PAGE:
hydrogeology and water resources management
The basis of all hydrogeological assessments is the development of an understanding of the groundwater flow system based on a knowledge of the local geology. With more than 36 years practical experience of interpretative hydrogeology, all hydrogeological assessments are based on a good understanding of the geology of an area and field evidence of groundwater flow.
Assessment of the Buxton thermal spring
The Buxton Crescent & Spa Project will result in the UK's second only natural
mineral water spa and the first spa hotel for over a century when it is
completed in 2007. Based in the Crescent, the project will refurbish Georgian
buildings to provide an 87-bed 4 star hotel linked to a refurbished thermal
natural mineral water spa in the adjoining Natural Baths. Water from the
Buxton thermal spring will be used for spa treatments and is also used as
the source of a bottled natural mineral water and the St Ann's Well where
the public have access to the thermal waters. The developer is charged
with the responsibility of ensuring that the redevelopment does not
interfere with the flow of the thermal spring. High Peak Borough Council,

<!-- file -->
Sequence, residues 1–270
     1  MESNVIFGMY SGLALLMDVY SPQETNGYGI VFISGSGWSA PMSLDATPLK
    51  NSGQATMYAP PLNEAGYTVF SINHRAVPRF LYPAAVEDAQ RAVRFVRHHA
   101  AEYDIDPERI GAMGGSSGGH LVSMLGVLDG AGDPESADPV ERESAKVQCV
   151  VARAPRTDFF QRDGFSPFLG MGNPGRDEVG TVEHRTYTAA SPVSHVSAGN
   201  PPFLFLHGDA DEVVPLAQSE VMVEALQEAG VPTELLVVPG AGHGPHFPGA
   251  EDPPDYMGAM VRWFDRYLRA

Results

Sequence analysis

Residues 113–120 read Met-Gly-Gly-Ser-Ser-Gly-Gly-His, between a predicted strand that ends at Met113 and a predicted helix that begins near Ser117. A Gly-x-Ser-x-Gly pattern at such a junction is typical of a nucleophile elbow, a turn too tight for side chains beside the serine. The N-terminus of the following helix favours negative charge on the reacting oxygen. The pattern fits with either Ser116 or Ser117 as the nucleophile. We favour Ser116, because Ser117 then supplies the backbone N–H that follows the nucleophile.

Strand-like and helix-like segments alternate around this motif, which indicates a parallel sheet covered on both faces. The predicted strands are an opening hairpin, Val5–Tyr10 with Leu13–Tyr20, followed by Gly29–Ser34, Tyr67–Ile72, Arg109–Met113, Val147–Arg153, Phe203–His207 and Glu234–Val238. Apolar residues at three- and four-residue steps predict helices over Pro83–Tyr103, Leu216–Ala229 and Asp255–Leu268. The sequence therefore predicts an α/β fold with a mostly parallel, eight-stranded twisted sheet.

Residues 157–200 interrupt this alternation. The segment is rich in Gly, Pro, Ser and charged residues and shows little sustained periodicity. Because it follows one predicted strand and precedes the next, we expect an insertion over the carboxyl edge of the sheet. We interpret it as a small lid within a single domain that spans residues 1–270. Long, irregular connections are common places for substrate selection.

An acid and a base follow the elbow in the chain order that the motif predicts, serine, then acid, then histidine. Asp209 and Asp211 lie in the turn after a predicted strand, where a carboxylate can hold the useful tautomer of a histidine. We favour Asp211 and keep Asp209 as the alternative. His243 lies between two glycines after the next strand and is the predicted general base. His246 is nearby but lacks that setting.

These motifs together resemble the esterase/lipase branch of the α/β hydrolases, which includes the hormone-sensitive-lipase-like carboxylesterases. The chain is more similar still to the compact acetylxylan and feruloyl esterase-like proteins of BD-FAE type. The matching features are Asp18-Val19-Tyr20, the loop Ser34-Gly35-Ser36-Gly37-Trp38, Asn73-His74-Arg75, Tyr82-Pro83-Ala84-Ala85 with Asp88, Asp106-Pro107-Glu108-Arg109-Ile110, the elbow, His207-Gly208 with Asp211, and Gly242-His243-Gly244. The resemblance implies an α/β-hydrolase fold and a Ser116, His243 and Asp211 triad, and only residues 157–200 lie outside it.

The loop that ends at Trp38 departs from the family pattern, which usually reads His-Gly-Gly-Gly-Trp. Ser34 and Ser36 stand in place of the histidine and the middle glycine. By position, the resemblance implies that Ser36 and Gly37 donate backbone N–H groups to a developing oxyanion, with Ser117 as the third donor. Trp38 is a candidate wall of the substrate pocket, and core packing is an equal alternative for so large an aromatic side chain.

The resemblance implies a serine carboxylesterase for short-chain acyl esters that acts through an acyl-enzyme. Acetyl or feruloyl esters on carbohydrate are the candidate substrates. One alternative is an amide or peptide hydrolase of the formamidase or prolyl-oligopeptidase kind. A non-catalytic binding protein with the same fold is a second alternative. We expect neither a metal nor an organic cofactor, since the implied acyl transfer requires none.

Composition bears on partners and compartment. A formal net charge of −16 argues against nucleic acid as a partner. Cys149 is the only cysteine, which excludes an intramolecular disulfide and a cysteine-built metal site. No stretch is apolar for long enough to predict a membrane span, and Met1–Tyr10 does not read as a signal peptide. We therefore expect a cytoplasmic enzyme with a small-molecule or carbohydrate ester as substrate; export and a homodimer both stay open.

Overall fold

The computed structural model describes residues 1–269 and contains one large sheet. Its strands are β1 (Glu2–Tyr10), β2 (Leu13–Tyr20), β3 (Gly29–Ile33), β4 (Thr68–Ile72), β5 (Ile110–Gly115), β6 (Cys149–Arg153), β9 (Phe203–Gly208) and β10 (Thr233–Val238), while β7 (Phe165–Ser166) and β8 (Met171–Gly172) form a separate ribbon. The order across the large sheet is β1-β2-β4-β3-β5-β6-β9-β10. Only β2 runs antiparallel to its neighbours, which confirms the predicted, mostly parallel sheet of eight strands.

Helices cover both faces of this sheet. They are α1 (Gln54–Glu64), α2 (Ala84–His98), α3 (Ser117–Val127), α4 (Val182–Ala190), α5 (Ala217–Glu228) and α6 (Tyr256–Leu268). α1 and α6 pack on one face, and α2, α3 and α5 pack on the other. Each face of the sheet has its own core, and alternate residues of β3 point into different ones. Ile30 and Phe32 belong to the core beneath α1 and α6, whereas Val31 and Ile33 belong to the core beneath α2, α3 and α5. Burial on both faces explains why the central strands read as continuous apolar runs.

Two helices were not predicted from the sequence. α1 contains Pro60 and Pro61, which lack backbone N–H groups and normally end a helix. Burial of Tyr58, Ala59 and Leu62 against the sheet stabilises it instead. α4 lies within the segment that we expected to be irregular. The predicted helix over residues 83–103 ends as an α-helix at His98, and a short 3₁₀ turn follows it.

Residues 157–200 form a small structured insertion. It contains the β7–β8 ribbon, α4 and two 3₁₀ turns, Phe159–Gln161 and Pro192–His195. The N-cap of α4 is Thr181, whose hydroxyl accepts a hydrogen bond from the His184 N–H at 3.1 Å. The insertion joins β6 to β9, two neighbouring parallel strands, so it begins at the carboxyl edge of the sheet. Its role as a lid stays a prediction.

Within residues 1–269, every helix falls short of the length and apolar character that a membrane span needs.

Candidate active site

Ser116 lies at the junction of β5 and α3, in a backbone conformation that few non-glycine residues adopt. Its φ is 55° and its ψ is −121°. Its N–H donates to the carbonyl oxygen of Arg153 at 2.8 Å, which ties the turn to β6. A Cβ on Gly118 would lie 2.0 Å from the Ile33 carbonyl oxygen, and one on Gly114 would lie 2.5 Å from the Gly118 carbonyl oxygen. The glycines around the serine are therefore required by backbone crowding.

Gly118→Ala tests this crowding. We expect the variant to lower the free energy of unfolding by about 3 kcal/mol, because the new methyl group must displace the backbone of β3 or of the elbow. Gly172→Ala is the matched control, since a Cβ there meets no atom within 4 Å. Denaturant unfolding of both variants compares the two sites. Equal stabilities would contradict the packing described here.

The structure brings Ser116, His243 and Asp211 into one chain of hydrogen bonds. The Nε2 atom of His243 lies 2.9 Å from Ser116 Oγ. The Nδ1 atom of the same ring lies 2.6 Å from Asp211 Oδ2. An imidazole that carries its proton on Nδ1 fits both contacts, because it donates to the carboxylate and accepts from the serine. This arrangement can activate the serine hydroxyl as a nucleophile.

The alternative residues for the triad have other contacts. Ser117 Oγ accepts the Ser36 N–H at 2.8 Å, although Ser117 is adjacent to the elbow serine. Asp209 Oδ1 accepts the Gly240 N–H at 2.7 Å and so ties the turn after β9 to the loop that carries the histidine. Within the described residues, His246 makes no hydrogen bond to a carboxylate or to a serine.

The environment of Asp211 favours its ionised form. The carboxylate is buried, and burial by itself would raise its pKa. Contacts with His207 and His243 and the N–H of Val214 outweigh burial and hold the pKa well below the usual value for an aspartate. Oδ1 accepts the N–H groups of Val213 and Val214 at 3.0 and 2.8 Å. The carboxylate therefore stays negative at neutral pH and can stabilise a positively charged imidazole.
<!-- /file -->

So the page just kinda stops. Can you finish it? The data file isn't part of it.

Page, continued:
the owner of the Buxton thermal spring has appointed Rick Brassington to
provide it with hydrogeological advice throughout the project.
Assessment of the hydrogeology of animal disposal site
During the foot and mouth crisis of 2001 animals were slaughtered from farms that neighboured
those with animals with the disease as part of the government's policy. This resulted in
very large numbers of animals, mainly sheep being buried in new landfill sites. Rick
Brassington worked with a major groundwater consultancy as part of a team evaluating
and designing containment measures of a site near Carlisle Cumbria. A conceptual
model of the groundwater flow system was developed from limited existing data,
field observations and on-site test data.
Assessment of potential impact on well water supply
A developer proposed to construct a new grain silo that involves a foundation design using deep piles that fully penetrate a gravel aquifer. Concerns were raised by an abstractor that the proposed foundations design would restrict the groundwater flow through the aquifer and reduced the yield of nearby wells. Using a combination of historical information and field measurements, it was possible to demonstrate that the natural groundwater flow direction is not towards these wells as had been assumed. Calculations also showed that any potential impact would be very small with the most likely outcome being a slight raising of groundwater levels leading to an increase the available yield from the wells.
Hydrogeological assessment of a limestone quarry
The client was considering the purchase of a limestone quarry as a potential landfill site. The project was to use available geological and groundwater data together with observations made during a walk-over survey to prepare a desk study report of the hydrogeology of the site and assess the potential environmental impact from the proposed landfill to meet the requirements of a Regulation 15 Assessment.